Here lies a major difference between My Fitness Coach and Wii Fit. Fitness Coach does a much better job of "getting to know you" than Miyamoto's workout software does, but it relies on the honor system. The Balance Board allows Wii Fit to keep up with how many reps you do and how accurately you perform them, providing feedback in the process. For My Fitness Coach to be optimally effective, you have to be honest on the information you input.
Once your information is input in its entirety, My Fitness Coach will determine areas that you need to focus on. These areas consists of standard workout focuses like weight loss, cardio, upper body strength, core body strength, lower body strength, and flexibility. My Fitness Coach will recommend an area of focus based on your data, but you have the option to choose which area you personally feel needs the most attention.
I'm a little skeptical of the science that goes into My Fitness Coach's suggested area of focus. When doing the push-up test, I was able to do the maximum allotted amount of forty. However, my flexibility was pathetic in the sit and reach test. Fitness Coach then proceeded to suggest that I work on my upper body strength. How it reached this point when I clearly need to improve my flexibility I do not know. At least it gives you the option to select an area of focus rather than sticking with what the game suggests.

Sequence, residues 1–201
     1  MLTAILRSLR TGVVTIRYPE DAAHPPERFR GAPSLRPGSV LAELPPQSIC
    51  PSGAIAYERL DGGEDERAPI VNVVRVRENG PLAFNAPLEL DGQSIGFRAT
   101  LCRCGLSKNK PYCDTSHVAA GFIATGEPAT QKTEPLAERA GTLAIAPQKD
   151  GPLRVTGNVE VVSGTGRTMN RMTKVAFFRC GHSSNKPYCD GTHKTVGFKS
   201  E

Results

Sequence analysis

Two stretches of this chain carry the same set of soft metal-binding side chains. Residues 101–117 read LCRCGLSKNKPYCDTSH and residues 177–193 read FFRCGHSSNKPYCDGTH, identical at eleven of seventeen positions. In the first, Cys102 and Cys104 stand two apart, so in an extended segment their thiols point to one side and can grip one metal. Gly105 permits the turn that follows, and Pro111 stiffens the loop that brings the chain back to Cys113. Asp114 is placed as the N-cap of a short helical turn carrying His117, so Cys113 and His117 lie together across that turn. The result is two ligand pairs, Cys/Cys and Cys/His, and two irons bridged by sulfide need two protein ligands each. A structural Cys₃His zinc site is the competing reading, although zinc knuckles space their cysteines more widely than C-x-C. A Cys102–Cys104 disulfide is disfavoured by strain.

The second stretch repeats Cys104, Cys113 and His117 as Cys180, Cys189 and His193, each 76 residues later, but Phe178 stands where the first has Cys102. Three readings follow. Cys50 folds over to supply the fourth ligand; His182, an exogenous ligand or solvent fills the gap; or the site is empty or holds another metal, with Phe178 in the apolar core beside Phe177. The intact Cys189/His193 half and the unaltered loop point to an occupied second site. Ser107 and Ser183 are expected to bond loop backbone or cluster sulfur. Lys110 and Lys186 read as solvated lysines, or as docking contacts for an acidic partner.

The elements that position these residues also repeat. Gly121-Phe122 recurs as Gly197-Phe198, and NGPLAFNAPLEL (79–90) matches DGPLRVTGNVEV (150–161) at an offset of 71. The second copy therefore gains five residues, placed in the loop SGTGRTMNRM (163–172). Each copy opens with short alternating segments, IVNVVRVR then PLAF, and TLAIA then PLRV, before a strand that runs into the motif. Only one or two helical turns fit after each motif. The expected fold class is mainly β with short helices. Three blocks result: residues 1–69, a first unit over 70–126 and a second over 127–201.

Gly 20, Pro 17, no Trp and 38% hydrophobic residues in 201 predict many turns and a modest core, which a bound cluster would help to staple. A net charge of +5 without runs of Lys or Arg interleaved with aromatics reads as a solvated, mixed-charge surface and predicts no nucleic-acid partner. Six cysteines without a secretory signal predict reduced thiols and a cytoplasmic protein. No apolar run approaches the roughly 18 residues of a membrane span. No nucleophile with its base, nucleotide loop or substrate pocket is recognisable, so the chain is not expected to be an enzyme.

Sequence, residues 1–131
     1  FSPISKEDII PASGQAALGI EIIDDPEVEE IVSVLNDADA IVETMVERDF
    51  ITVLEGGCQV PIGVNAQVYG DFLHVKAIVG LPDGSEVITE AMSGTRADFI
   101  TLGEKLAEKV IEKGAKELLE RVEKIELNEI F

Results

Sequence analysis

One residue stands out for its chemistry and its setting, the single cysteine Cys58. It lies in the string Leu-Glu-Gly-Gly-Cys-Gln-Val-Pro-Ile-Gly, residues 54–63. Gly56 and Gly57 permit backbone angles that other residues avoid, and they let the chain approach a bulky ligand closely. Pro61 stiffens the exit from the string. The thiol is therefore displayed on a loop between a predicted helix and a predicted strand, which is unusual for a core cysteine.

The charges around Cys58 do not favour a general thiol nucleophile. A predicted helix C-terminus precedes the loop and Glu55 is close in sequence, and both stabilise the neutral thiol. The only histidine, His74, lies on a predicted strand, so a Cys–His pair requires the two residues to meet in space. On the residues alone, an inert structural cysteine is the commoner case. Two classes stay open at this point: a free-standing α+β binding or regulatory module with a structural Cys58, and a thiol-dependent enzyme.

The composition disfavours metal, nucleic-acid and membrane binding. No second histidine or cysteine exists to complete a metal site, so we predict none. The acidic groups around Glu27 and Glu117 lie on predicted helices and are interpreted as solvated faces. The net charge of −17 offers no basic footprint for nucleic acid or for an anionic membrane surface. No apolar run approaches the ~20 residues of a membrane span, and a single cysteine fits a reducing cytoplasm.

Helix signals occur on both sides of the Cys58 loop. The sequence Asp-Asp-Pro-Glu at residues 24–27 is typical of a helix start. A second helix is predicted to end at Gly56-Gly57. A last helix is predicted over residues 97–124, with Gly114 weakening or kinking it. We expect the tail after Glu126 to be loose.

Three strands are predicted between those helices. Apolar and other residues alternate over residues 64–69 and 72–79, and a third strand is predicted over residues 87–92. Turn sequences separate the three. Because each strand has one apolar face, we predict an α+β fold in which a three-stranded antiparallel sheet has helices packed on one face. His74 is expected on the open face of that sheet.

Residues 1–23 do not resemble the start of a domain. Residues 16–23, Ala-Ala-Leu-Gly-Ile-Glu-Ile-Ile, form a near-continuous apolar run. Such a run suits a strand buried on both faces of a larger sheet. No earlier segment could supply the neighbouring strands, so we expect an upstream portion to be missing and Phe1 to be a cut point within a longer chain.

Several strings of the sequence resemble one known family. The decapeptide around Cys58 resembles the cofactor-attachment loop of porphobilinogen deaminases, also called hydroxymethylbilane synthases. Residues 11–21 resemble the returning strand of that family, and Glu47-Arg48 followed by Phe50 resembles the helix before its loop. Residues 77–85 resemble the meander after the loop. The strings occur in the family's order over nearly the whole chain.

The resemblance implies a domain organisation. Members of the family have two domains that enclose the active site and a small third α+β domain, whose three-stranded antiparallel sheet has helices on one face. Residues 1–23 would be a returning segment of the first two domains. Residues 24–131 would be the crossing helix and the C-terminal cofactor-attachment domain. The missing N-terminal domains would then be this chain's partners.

One of the single most important factors in any exercise routine is commitment. My Fitness Coach addresses this by including a workout calendar that you plan out in advance, around your week's activities. Fitness Coach uses data to suggest a workout schedule, but like with the area of focus, you have the final say so on when you break a sweat. The calendar allows you to set how long you plan to workout that day (workouts can last anywhere from fifteen to seventy five minutes), letting you adjust accordingly to your busy life.